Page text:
November 22, 2002

Western Nations Advise Citizens to Leave India

Western governments on Friday urged tens of thousands of their nationals to leave India, fearing war between India and Pakistan.

The United States, leading feverish international efforts to bring the nuclear-armed enemies back from the brink, was among those advising foreign residents in the region to prepare for the worst.

The U.S. State Department advised Americans to leave. "Tensions have risen to serious levels and the risk of intensified military hostilities between India and Pakistan cannot be ruled out," it said in a travel warning.

There are an estimated 60,000 Americans in India and some 20,000 Britons. British Foreign Secretary Jack Straw said the Britons should consider leaving and advised against traveling to India.

Straw, who visited the region this week, said he continued to believe the situation was dangerous but war was not inevitable.

The United States, Australia and Canada prepared to pull out non-essential diplomats. Germany and Canada advised their nationals to leave India if not on urgent business.

The United States, Britain and other Western nations have already reduced diplomatic staffing in Pakistan and urged expatriates to leave the country, where there has been a rash of attacks and threats against Westerners by Islamic militants.

But while Western governments sounded alarm bells, there was little sense of panic in India and Pakistan, and foreign nationals showed no signs of fleeing. International airlines reported no surge in demand for flights out of India.

Fernandes Allays Fears

In Singapore, visiting Indian Defense Minister George Fernandes tried to allay fears, saying the border was stable.

"The troops have been on both sides in an eyeball-to-eyeball situation for the last six months, so I don't think one needs worry just now as to what is likely to happen," he said.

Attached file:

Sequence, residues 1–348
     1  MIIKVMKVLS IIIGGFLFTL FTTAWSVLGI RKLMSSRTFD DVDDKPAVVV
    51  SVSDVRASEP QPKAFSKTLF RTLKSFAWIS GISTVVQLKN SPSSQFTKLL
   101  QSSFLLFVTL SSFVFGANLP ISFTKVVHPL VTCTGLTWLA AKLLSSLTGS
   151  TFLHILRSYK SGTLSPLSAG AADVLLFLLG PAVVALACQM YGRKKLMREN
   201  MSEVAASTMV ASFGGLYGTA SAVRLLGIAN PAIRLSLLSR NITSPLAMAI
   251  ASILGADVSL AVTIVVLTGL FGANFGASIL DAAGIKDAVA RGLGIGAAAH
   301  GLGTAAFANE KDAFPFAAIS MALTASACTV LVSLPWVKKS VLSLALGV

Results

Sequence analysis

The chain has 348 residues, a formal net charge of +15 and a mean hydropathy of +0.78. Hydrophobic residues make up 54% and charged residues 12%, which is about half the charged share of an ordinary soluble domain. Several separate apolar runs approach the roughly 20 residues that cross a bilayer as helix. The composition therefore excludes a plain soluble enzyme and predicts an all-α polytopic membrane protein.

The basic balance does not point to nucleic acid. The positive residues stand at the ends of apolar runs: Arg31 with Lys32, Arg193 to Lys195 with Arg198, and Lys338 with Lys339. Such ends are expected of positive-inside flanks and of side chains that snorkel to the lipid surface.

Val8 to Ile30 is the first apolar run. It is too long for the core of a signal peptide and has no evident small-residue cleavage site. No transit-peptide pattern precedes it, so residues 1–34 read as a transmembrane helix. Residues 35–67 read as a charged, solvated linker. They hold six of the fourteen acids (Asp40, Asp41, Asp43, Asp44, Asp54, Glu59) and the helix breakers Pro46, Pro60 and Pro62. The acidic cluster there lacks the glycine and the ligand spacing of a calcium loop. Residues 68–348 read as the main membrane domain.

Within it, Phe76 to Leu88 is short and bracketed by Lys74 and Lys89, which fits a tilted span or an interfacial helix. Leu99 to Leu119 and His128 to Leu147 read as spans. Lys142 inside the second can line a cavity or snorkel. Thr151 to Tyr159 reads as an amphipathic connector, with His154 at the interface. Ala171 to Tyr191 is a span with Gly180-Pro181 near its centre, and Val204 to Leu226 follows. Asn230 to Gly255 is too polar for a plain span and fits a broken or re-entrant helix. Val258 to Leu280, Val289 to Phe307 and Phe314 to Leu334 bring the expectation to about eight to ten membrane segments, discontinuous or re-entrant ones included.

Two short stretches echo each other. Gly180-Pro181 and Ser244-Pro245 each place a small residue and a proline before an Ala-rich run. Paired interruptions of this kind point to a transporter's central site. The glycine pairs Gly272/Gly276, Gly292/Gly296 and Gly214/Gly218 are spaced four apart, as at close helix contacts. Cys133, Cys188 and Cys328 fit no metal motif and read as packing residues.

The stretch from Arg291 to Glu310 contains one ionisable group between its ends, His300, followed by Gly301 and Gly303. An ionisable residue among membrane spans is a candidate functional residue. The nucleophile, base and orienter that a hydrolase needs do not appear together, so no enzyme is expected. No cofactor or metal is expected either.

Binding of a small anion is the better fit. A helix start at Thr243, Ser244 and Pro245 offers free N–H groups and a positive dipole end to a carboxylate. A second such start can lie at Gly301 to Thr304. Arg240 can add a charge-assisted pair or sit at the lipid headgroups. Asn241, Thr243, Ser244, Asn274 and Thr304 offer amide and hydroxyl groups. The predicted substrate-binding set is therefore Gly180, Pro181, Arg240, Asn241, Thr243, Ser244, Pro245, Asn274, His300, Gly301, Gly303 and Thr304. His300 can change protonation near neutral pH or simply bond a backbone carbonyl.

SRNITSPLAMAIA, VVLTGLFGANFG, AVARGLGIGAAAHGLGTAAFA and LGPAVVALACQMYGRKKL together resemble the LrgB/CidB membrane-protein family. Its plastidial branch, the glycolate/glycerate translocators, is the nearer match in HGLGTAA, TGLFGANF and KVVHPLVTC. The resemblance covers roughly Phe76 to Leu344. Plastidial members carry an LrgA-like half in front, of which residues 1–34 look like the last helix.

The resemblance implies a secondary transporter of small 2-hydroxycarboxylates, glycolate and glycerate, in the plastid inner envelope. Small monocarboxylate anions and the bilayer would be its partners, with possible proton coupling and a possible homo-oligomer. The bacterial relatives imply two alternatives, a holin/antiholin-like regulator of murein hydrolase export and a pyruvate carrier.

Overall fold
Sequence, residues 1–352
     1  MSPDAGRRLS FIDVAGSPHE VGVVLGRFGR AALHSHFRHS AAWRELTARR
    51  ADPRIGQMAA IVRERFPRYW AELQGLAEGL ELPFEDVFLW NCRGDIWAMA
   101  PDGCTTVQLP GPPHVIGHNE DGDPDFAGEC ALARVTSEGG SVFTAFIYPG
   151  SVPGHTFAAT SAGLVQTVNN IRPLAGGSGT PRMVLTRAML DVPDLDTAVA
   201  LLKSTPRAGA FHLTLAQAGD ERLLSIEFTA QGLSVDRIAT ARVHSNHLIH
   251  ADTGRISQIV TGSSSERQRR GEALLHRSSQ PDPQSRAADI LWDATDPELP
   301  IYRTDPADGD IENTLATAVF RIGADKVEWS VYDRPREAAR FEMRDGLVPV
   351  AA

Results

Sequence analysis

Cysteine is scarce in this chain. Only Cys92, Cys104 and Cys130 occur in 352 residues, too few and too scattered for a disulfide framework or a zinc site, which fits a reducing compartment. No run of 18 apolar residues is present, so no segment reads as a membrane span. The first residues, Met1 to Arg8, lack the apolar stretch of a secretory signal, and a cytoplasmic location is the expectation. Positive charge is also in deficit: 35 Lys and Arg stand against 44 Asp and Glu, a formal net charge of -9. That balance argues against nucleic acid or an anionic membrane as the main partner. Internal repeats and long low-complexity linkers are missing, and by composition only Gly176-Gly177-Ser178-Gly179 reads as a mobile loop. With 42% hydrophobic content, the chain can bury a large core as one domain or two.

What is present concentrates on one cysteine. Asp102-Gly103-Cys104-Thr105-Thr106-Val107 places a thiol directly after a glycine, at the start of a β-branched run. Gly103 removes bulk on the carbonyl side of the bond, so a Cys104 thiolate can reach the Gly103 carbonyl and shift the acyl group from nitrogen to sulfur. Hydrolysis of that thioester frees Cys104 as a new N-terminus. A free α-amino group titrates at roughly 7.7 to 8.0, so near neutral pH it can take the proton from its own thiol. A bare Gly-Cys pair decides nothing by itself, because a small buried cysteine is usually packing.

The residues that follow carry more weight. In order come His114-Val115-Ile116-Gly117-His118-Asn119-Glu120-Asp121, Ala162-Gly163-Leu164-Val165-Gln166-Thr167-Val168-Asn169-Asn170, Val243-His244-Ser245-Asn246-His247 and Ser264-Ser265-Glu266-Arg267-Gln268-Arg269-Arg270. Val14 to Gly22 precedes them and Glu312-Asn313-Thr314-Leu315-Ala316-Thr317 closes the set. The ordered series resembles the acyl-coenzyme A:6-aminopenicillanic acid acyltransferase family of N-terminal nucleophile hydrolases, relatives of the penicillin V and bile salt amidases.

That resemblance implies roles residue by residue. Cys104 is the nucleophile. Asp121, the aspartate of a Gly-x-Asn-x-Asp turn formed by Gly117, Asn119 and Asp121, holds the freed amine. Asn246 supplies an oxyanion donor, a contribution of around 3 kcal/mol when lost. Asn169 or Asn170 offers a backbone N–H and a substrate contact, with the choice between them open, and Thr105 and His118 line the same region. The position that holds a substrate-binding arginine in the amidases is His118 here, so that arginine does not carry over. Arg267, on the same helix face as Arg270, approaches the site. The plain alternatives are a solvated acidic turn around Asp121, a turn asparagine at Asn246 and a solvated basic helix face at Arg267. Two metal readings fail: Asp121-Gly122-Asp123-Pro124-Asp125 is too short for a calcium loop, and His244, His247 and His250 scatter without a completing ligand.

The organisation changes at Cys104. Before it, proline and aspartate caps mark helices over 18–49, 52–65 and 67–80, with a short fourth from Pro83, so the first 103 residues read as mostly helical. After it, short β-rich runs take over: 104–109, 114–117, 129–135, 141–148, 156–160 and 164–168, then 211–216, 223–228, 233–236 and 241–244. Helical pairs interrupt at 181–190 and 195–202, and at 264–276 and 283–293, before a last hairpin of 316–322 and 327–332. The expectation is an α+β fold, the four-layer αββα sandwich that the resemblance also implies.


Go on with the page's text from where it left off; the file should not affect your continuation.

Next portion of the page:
In New Delhi, a Japanese envoy called for peace, describing himself as a representative of "the only country to have suffered the atomic bomb".

Senior Vice-Foreign Minister Seiken Sugiura said after meeting Indian leaders including Foreign Minister Jaswant Singh that he saw a "strong possibility" of war unless Islamabad acted on New Delhi's demands to curb militants entering India.

Sugiura said in Islamabad on Thursday Pakistan had assured him it would step up efforts to rein in militants infiltrating into the Indian-ruled portion of the disputed territory of Kashmir.

India and Pakistan have mobilized around a million men on their border in a confrontation triggered by a December attack on the Indian parliament that New Delhi blamed on Pakistani-based militants fighting its rule in Indian Kashmir.

U.S. President George W. Bush is sending Defense Secretary Donald Rumsfeld and Deputy Secretary of State Richard Armitage to South Asia next week to try to cool passions.

Bush told Islamabad on Thursday it must keep its promise to stamp out cross-border incursions.

That call was echoed on Friday by foreign ministers from the Group of Eight nations meeting in Ottawa, who urged Islamabad to stop infiltrations and halt "terrorist groups" operating from territory under its control.

Rare Joint Statement

In a rare joint statement, the ministers said they were "gravely concerned about the risks inherent in the current crisis between India and Pakistan".

The G8 comprises the Group of Seven leading industrialized nations -- Canada, Britain, the United States, Japan, Italy, France and Germany -- plus Russia.

Russia is hoping to persuade Pakistan's President Pervez Musharraf to hold face-to-face talks with Indian Prime Minister Atal Behari Vajpayee during a regional security meeting next week in ex-Soviet Kazakhstan. India has effectively ruled out such a meeting.

Russian President Vladimir Putin is planning separate meetings with the Indian and Pakistani leaders.

Low-level hostilities already erupt daily on the front line. Pakistan's state run news agency said a Pakistani civilian was killed on Friday as troops traded fire across the frontier. Two people were injured by Indian firing on villages in Pakistan's Punjab province, APP said.

An Indian defense official said an Indian paramilitary soldier was killed and five soldiers were wounded in exchanges of mortar and machinegun fire.

Militants battling Indian rule in Kashmir threw a grenade at a group of police in Kashmir, wounding five. Indian analysts say a major militant attack could provoke retaliation from New Delhi and full-scale war.

Pakistan has said it is considering moving troops from its Afghan border in the west to face the Indian army in the east -- a step that could hinder the U.S.-led offensive against remnants of al Qaeda and Taliban forces.

At allied headquarters at Bagram Air Base in Afghanistan, British defense staff chief Admiral Michael Boyce said the tension between India and Pakistan was already "having an effect" on the drive against the al Qaeda militant network.

(China Daily June 1, 2002)

In This Series
India, Pakistan Fire Artillery in Kashmir

Bush Sends Rumsfeld to Calm India, Pakistan

Kashmir Shelling Kills 23 Civilians

Restraint Urged in Dispute Between India and Pakistan



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